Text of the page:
Eugene Torre, Asia's first grandmaster, proud of induction into World Chess Hall of Fame

Almost five decades after becoming Asia's first grandmaster, the Philippines' Eugene Torre made history anew on April 20 after becoming the first Asian male to be inducted into in the World Chess Hall of Fame by the World Chess Federation (FIDE).

FIDE met virtually to induct Torre, along with Polish-Argentine GM Miguel Najdorf and Hungarian women's GM Judit Polgar, considered the best female woodpusher ever.

He became the second Asian ever to enter the Hall of Fame, two years after Chinese women's GM Xie Jun was conferred the honor.

"I am very proud as a Filipino. Since especially we became the first male Asian inductee. Being the first, this will stay forever with the Philippines," Torre told ESPN5.com in a phone interview.

"We are very proud that we started the popularity and the acceptance of chess not only in the country but the rest of Asia," he added.

A 22-year-old Torre made history in the 1974 Nice Olympiad in France by clinching the board 1 silver medal to become the continent's first grandmaster. He also holds the record for most Chess Olympiad appearances of 23 from 1970 to 2016.

In 1982 Torre and Lajos Portisch of Hungary topped the FIDE Inter-zonal Candidates Tournament held in Toluca, Mexico which qualified him for the World Chess Championship Candidates Matches. However, he lost to Portisch's compatriot Zoltan Ribli in the first round of a 10-match duel in Elicante, Spain.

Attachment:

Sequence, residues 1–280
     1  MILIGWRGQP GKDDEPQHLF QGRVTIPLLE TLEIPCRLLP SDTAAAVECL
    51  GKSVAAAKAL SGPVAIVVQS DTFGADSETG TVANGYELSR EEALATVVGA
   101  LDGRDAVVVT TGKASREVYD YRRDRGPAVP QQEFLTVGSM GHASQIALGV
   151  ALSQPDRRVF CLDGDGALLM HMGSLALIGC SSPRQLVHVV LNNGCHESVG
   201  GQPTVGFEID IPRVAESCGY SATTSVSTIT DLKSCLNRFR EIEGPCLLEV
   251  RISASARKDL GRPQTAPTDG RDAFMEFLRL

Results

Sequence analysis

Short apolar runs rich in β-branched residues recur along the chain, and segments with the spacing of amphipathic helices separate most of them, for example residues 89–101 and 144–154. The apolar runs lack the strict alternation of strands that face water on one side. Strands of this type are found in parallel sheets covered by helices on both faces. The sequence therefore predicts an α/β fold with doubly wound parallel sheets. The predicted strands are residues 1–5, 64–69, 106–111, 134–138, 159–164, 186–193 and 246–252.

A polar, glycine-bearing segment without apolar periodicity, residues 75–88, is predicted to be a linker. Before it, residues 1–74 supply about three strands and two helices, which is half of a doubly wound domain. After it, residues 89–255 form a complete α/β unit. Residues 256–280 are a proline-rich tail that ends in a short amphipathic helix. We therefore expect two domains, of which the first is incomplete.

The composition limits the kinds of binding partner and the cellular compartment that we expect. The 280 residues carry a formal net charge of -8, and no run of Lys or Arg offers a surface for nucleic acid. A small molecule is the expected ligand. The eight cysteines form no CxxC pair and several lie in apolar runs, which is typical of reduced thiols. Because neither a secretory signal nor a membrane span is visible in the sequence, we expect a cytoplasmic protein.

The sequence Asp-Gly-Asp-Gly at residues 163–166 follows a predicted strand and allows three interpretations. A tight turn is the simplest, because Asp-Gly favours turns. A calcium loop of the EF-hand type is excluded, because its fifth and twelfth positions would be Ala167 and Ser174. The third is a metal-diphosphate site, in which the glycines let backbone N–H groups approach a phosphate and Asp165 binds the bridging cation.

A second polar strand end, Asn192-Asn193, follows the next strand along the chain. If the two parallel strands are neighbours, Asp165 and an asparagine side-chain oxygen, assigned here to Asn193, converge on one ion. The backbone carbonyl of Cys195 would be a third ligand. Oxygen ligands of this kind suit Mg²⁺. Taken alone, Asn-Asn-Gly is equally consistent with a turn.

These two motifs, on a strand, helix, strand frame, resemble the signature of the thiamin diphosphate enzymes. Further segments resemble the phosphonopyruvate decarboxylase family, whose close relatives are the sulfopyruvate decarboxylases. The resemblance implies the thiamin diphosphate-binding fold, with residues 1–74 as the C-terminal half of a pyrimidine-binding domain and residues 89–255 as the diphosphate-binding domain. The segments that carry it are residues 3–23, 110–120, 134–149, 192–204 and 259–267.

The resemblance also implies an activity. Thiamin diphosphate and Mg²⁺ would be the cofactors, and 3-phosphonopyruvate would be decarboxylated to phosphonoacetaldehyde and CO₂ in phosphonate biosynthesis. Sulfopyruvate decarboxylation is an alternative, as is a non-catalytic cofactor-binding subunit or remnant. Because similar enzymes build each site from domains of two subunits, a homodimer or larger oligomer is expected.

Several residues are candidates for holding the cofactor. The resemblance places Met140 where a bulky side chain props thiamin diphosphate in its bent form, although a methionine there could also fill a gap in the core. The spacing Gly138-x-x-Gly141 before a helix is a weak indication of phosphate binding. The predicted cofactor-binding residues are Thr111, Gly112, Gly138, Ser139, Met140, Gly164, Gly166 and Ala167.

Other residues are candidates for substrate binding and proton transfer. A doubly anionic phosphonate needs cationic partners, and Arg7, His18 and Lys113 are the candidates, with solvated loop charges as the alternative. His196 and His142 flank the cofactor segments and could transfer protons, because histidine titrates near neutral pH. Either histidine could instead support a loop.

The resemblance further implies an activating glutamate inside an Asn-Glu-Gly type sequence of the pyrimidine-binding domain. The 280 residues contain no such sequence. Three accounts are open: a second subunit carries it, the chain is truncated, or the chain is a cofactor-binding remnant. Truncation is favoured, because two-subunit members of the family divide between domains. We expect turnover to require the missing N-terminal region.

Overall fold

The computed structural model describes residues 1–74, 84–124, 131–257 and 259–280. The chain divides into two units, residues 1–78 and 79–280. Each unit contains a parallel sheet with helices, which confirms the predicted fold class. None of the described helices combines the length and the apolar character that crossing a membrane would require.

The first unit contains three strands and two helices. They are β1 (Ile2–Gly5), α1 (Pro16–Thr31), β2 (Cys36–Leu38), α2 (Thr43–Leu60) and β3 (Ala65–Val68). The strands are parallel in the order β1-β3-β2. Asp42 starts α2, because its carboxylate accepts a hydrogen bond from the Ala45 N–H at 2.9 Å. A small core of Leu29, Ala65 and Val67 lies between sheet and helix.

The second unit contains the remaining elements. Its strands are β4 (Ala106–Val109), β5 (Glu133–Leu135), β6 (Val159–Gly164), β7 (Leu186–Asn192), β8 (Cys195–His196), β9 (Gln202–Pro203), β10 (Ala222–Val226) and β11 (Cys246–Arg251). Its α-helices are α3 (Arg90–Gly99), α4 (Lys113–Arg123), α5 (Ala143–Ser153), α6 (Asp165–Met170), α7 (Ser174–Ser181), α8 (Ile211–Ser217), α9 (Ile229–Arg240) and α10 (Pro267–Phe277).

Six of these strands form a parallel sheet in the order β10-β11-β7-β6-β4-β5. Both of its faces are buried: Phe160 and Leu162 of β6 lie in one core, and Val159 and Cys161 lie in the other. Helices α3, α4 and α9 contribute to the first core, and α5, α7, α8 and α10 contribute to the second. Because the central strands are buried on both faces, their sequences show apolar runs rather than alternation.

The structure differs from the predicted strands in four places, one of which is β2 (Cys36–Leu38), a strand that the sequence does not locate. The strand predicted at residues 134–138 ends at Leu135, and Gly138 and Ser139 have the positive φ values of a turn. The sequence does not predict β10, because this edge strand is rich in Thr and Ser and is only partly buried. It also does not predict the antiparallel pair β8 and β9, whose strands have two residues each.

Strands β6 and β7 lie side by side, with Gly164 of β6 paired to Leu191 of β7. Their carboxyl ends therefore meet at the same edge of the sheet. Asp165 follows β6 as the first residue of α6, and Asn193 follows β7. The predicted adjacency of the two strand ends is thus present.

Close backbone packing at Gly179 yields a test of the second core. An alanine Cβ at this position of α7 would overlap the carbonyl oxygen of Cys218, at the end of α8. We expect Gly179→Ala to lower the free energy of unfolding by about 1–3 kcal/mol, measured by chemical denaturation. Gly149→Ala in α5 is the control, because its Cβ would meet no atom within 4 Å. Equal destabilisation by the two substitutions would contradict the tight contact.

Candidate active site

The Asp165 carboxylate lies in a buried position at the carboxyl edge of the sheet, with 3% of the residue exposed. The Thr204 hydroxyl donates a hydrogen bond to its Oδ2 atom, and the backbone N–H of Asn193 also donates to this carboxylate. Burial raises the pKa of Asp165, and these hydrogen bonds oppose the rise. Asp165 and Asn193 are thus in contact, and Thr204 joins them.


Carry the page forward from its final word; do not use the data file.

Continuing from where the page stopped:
He recalled during his first years in participating in international competitions, the Asians were not as good in the mental indoor sport compared to their American and European counterparts.

"Even India and China were not as good then. We used to beat India regularly, but eventually, they found an appreciation for chess. We are happy for them because we played a role in helping propagate the sport to Asia," mentioned Torre.

The 69-year-old was informed a few months ago by Toti Abundo, member of the FIDE Historical Committee. There was supposed to be a grand induction ceremony in the United States, but the COVID-19 pandemic forced to change plans.

At present, there are 37 inductees in the World Chess Hall of Fame, with the first entrants being Jose Raul Capablanca of Cuba, Bobby Fischer and Paul Morphy of the U.S., Emmanuel Lasker of Germany, and Wilhem Steinitz of Austria in 2001. The list has since expanded to accommodate the likes of Anatoly Karpov, Garry Kasparov, Boris Spassky, and Mikhail Tal.

Torre, who had a peak FIDE rating of 2580 in 1983 and was once ranked as high as 17th in the world rankings, continues to display his skills in the recently-established Professional Chess Association of the Philippines, where he was drafted first overall by the Rizal Towers in December 2020.